Resource scarcity and pressure are complex issues, traversing borders and cultures. One country’s deforestation leads to booming economies elsewhere. A dam powers one city and floods another. Not to mention the security issues that come with resource acquisition — all the more heightened when paucity is a factor. Now the Earth Security Initiative is out with a report meant to help businesses, societies and governments respond to such issues and risks in a solutions-focused, collaborative way.

Looking at eight themes (land governance, water security, climate security, crop performance, population growth, food security, fiscal stability and energy security) across 17 countries, the ESI points to opportunities to move toward a more prosperous and secure future, such as viewing a transition from water-intensive coal-fired power to renewable energy in China as a way to improve the country’s water security, or using Brazil’s tropical rainforests as an insurance policy against adverse impacts of future weather extremes on agriculture.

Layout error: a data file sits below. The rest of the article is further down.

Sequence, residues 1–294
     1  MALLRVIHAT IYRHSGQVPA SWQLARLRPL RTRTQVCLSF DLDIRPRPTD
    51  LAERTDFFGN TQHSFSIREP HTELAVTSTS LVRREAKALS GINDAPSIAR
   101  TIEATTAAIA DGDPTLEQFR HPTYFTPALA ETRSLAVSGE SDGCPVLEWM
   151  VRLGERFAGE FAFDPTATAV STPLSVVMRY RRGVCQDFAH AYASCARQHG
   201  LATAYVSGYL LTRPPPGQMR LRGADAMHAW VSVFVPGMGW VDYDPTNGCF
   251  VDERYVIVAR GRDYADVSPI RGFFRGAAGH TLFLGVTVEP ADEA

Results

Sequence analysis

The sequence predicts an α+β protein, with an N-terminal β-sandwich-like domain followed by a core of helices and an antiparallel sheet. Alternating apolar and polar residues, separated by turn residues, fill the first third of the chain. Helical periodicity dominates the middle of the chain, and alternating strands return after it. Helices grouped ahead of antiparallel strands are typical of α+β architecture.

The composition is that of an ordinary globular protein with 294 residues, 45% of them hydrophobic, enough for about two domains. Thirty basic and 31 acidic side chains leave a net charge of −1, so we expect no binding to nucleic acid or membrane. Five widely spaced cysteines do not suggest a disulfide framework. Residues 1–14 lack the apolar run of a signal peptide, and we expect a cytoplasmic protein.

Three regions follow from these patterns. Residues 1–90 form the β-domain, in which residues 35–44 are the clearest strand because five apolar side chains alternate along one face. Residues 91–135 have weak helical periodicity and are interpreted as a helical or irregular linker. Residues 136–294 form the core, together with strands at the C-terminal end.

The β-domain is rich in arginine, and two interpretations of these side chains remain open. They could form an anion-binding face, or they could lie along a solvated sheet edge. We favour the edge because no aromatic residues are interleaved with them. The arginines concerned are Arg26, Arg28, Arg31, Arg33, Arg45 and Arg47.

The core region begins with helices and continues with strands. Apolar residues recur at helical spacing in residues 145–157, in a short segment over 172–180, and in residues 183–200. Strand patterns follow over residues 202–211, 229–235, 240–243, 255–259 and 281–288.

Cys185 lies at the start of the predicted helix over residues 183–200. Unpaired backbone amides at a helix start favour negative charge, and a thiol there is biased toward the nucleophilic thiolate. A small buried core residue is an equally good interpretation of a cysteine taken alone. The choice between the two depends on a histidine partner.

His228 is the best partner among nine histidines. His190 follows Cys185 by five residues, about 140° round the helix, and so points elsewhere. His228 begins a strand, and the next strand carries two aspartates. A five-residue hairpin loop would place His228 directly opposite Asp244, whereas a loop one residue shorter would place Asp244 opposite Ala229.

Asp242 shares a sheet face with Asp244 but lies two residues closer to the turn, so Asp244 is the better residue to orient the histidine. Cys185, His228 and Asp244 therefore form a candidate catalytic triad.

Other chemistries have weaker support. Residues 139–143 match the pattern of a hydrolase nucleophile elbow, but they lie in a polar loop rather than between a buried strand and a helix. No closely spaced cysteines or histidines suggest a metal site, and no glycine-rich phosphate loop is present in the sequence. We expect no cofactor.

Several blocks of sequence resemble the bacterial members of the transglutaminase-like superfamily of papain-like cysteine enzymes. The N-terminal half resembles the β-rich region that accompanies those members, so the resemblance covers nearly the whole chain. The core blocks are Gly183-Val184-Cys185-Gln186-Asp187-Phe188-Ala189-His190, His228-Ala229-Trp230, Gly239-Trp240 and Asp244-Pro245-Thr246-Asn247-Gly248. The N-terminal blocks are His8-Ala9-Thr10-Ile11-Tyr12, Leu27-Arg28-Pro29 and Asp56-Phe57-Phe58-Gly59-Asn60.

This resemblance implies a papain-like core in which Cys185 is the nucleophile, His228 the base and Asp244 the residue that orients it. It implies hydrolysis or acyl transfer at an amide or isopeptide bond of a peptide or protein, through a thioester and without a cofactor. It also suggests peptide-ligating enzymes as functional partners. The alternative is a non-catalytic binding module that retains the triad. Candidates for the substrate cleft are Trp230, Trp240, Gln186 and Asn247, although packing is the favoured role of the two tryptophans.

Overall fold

“Understanding the risks, involving all sectors, considering the inter-connections and mutual interests
 are necessary conditions in order for leaders to identify the opportunities 
before them,” writes Michael Schaefer, chairman of the BMW Foundation and former ambassador of Germany to China, in the report’s foreword.